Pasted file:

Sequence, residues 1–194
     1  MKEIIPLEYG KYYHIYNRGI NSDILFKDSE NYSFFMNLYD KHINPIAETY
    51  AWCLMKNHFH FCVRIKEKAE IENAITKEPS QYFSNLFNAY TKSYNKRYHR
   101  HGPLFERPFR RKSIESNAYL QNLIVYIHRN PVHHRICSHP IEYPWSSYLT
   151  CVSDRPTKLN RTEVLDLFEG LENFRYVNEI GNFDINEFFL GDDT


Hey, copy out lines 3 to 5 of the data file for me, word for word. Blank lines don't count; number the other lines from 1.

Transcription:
    51  AWCLMKNHFH FCVRIKEKAE IENAITKEPS QYFSNLFNAY TKSYNKRYHR
   101  HGPLFERPFR RKSIESNAYL QNLIVYIHRN PVHHRICSHP IEYPWSSYLT
   151  CVSDRPTKLN RTEVLDLFEG LENFRYVNEI GNFDINEFFL GDDT